A worm is quickly spreading in the wild in an email that claims to have attached photos of Saddam Hussein killed in an escape attempt. The same worm also may claim to have pictures of a captured Osama Bin Laden.
The Bobax-H worm is designed to create an army of zombie machines that spammers can use to spread junk email, according to researchers at Sophos, Inc., an anti-virus and anti-spam company with U.S. headquarters in Lynnfield, Mass.
The worm is spreading both via email and taking advantage of a Microsoft security vulnerability that had been exploited by the virulent Sasser worm.
”Many people these days use the Internet to keep abreast of the latest breaking news stories. It is these individuals that worms like Bobax-H are trying to infect,” says Graham Cluley, senior technology consultant at Sophos in a written statement.
”People who launch unsolicited attachments without thinking are walking straight into the hands of malicious virus writers and spamming gangs.”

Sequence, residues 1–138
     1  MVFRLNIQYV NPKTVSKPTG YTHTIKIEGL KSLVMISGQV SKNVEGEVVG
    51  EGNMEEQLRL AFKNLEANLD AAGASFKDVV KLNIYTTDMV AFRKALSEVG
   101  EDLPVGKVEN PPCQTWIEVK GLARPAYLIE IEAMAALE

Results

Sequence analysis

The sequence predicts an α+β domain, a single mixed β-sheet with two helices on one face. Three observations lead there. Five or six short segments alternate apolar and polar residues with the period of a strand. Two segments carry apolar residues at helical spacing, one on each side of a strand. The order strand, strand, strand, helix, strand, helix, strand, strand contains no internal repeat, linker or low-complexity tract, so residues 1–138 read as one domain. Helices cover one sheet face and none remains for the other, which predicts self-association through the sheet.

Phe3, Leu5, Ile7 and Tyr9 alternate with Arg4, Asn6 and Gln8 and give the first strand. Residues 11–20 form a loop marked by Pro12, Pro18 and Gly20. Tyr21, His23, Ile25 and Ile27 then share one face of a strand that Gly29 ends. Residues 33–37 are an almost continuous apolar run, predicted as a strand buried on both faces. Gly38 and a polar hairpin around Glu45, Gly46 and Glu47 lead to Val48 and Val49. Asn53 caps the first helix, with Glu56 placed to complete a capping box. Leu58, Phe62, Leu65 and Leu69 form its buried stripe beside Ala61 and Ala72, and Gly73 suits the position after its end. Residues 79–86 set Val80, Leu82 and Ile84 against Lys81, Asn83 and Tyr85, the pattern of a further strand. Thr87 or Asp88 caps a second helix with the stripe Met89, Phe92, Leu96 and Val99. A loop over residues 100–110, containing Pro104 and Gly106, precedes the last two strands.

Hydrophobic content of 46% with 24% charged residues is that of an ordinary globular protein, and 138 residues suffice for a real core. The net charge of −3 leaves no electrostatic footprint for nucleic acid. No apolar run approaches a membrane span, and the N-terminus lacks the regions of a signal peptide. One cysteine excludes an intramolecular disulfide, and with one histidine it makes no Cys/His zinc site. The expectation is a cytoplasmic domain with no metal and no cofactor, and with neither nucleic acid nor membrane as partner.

Once users run the attached file, their machines are infected. Sophos analysts report that the worm will then attempt to forward itself to other email addresses and vulnerable computers, attempt to disable anti-virus and security software, and install an email relay module, which can be used by external hackers for sending spam.
The Bobax-H worm exploits the same LSASS vulnerability first reported by Microsoft on April 13, 2004 in Microsoft Security Bulletin MS04-011.
Emails generated by the Bobax-H worm use several different message bodies and attachment names. Some of the message bodies are: Saddam Hussein — Attempted Escape.
Shot dead. Attached some pics i found; and Osama Bin Laden captured. Attached some pics that i found.
Attached files, which contain the viral code, can have PIF, SCR, EXE or ZIP extensions, according to Sophos.
Saddam Hussein is the latest in a long line of public figures to be used as bait by malware authors and hackers.
Politicians such as Margaret Thatcher, Ronald Reagan, Arnold Schwarzenegger, Bill Clinton and George W Bush have been have been used in the past.